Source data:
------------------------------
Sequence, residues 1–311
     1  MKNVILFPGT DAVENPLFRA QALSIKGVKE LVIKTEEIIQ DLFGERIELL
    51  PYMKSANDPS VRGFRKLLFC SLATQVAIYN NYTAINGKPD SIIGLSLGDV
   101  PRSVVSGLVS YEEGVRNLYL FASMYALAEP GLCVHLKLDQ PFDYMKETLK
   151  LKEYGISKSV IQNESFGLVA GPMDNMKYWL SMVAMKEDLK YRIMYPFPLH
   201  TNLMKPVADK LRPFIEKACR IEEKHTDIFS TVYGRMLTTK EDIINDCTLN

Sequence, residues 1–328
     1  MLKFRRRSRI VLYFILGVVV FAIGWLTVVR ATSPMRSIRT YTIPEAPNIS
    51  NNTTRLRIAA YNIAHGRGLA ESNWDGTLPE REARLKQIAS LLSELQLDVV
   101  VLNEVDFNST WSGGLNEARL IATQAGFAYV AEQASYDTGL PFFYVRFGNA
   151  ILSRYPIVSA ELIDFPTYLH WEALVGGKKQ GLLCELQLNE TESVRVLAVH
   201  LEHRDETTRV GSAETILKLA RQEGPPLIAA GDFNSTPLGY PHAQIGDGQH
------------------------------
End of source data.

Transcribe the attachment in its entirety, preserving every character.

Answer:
Sequence, residues 1–311
     1  MKNVILFPGT DAVENPLFRA QALSIKGVKE LVIKTEEIIQ DLFGERIELL
    51  PYMKSANDPS VRGFRKLLFC SLATQVAIYN NYTAINGKPD SIIGLSLGDV
   101  PRSVVSGLVS YEEGVRNLYL FASMYALAEP GLCVHLKLDQ PFDYMKETLK
   151  LKEYGISKSV IQNESFGLVA GPMDNMKYWL SMVAMKEDLK YRIMYPFPLH
   201  TNLMKPVADK LRPFIEKACR IEEKHTDIFS TVYGRMLTTK EDIINDCTLN

Sequence, residues 1–328
     1  MLKFRRRSRI VLYFILGVVV FAIGWLTVVR ATSPMRSIRT YTIPEAPNIS
    51  NNTTRLRIAA YNIAHGRGLA ESNWDGTLPE REARLKQIAS LLSELQLDVV
   101  VLNEVDFNST WSGGLNEARL IATQAGFAYV AEQASYDTGL PFFYVRFGNA
   151  ILSRYPIVSA ELIDFPTYLH WEALVGGKKQ GLLCELQLNE TESVRVLAVH
   201  LEHRDETTRV GSAETILKLA RQEGPPLIAA GDFNSTPLGY PHAQIGDGQH